With its moss-covered roof, Cordova’s 102-year-old Episcopal church looks as quaint and cozy as a hobbit-hole. Unfortunately, the moss that adds to the church’s rustic charm is also causing its roof to deteriorate.
A structural engineer who visited Cordova in 2020 remarked on the problem.
“He was amazed at how the building had held up,” the Rev. Belle Mickelson said. “But he said there’s three things we need to do: replace the roof, replace the roof, replace the roof.”
Consecrated in 1919, St. George’s Episcopal Church was designed by the Rev. Eustace Paul Ziegler and built at a cost of $5,000, not adjusting for inflation. Now, the church requires a full roof replacement that organizers estimate will cost about $100,000, of which about $50,000 has been raised.
The church’s roof was last replaced around 1982, project manager Nancy Bird said. At that time, plywood and tar paper were used. Now, the church intends to install an ice and water shield, and to use materials that will discourage moss growth. The 1982 roof replacement did not include the church’s steeple, now one of the leakiest areas. A previous attempt to organize a roof replacement was stymied by the coronavirus pandemic. Proposals to replace the roof will be accepted until 4 p.m., March 26, and can be submitted by email at email@example.com, by phone at 907-429-5800 or by mail at P.O. Box 849, Cordova.
So far, leaks have been too minor to disrupt church services, and volunteers have applied “Band-Aid” fixes to problem points around the steeple. However, it’s only a matter of time until severe leaks emerge, Bird said.
“The moss is causing the shingles to rot, so we’re eventually going to have some major leaks,” Bird said. “But at this point, we’ve been very lucky. Somebody is looking out for us!”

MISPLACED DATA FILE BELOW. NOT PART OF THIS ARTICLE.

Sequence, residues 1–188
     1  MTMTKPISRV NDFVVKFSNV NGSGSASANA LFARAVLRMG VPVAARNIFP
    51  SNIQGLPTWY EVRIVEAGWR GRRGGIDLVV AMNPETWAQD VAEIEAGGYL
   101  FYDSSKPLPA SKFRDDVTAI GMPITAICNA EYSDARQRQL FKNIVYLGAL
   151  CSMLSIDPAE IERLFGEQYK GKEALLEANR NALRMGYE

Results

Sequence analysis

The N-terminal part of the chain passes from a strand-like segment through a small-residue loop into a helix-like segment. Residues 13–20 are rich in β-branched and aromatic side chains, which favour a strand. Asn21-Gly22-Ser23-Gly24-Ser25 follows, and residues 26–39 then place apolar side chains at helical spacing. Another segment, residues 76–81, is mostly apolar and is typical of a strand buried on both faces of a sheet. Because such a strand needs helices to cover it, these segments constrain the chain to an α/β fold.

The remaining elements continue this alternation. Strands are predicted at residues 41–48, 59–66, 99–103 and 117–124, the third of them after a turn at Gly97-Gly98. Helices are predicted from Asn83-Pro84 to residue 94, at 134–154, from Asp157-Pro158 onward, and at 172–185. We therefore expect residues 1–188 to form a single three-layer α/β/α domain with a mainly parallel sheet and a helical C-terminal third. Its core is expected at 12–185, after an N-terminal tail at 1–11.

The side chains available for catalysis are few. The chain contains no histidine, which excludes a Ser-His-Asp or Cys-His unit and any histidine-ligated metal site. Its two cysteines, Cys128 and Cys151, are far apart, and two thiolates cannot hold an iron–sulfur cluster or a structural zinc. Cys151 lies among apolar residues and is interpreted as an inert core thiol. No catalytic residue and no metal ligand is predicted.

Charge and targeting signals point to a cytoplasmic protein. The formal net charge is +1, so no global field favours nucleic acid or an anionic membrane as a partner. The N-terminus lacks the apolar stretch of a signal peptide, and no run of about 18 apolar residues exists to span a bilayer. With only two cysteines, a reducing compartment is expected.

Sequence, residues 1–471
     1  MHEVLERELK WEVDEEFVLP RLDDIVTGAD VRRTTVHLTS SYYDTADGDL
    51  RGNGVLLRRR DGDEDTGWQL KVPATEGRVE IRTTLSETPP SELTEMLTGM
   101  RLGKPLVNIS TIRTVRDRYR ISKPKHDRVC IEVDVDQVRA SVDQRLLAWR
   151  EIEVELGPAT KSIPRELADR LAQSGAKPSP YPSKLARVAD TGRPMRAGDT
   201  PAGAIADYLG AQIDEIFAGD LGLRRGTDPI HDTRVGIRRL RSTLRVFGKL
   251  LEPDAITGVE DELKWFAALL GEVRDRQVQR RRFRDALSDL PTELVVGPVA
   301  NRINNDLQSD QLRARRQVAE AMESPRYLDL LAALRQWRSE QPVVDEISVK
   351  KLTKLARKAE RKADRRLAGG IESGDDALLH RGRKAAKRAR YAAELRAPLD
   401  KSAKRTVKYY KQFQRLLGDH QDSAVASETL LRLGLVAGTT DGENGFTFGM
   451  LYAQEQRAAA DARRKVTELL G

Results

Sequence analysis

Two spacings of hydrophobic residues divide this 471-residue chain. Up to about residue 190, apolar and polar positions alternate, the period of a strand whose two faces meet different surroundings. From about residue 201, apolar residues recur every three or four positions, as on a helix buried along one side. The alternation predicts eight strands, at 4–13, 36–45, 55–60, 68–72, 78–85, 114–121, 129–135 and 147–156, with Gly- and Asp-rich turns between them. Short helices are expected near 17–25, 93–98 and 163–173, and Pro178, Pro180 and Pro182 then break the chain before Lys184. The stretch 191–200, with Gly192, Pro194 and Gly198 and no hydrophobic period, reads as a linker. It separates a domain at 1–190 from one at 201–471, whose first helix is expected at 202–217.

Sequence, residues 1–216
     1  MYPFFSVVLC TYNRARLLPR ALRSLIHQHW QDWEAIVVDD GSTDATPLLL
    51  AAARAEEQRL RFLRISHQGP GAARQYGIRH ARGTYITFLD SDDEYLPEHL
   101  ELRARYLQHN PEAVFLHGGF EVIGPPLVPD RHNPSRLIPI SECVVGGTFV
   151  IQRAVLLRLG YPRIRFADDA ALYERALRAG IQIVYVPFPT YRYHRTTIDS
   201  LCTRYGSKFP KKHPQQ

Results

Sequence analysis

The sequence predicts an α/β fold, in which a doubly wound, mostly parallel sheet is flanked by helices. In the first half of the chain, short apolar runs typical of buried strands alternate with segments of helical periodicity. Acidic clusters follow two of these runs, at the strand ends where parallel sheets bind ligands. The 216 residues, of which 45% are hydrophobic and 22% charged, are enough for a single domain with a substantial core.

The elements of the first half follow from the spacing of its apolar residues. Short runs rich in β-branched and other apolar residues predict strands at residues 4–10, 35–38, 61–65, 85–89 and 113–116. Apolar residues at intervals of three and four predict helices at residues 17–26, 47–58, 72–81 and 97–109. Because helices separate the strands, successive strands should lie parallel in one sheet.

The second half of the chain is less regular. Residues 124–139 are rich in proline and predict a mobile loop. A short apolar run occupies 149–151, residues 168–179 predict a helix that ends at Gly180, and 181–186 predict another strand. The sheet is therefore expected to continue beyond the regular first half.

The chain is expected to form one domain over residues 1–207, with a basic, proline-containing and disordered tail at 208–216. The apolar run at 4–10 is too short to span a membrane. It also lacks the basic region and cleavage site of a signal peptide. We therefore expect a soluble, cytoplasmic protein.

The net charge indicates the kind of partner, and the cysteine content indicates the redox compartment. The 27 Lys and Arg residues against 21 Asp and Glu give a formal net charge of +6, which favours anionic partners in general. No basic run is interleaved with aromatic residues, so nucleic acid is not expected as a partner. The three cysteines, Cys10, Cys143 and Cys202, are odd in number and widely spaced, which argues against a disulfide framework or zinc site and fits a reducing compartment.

Efforts to replace the church’s roof have been supported by philanthropic ex-Cordovans, by a generous tourist who donated part of her Permanent Fund Dividend, and by a grant from the Alaska Office of History and Archaeology, among other sources. However, the grant will run out by the end of September, creating additional time pressure for the project. Additionally, in early March, an anonymous supporter offered a $5,000 matching grant that will apply to all donations received through the end of June.
“I would very much like to see it go local, but we also need to get it done this year if at all possible,” Bird said. “If it gets postponed another year, we’ll just have to be praying hard that we don’t have any major leaks happen.”
Bird said that she would be willing to secure housing for a visiting contractor, and to help find volunteer or hired labor. A structural engineer’s report indicated the church’s foundation is in good shape, and Bird said she didn’t expect further costly repairs would be necessary in the coming years. Bird continues working to secure additional grant funding, she said.
St. George’s and the nearby Red Dragon Reading Room together comprise the “Red Dragon Historic District,” which was added to the National Register of Historic Places in 1982. The Red Dragon Reading Room also recently underwent a roof replacement.
St. George’s has become a space for prayer and meditation for people of all faiths, Mickelson said.
“I walk into that building and I think of the hundreds of thousands of people who have prayed there and supported the church when it was needed,” Mickelson said. “We don’t want to let them down!”
Donations to the St. George’s roof fund can be made by mail at P.O. Box 849, Cordova, or online at cordovaepiscopal.org/donate/. Mailed contributions should include a note designating them for the roof fund.